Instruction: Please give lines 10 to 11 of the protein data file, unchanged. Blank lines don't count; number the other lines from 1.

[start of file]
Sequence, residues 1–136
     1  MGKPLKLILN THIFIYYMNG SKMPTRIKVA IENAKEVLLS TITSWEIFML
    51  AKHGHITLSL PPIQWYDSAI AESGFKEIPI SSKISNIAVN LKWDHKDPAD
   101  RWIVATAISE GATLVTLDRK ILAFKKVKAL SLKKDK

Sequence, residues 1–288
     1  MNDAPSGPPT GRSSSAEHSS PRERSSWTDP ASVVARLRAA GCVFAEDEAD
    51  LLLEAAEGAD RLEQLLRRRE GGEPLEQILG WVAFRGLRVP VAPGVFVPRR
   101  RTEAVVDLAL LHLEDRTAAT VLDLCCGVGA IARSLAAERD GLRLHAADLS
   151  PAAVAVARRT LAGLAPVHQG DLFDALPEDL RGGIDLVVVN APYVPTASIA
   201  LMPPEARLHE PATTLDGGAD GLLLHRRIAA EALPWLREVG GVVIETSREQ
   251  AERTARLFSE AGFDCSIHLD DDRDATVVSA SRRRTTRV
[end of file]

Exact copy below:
   201  LMPPEARLHE PATTLDGGAD GLLLHRRIAA EALPWLREVG GVVIETSREQ
   251  AERTARLFSE AGFDCSIHLD DDRDATVVSA SRRRTTRV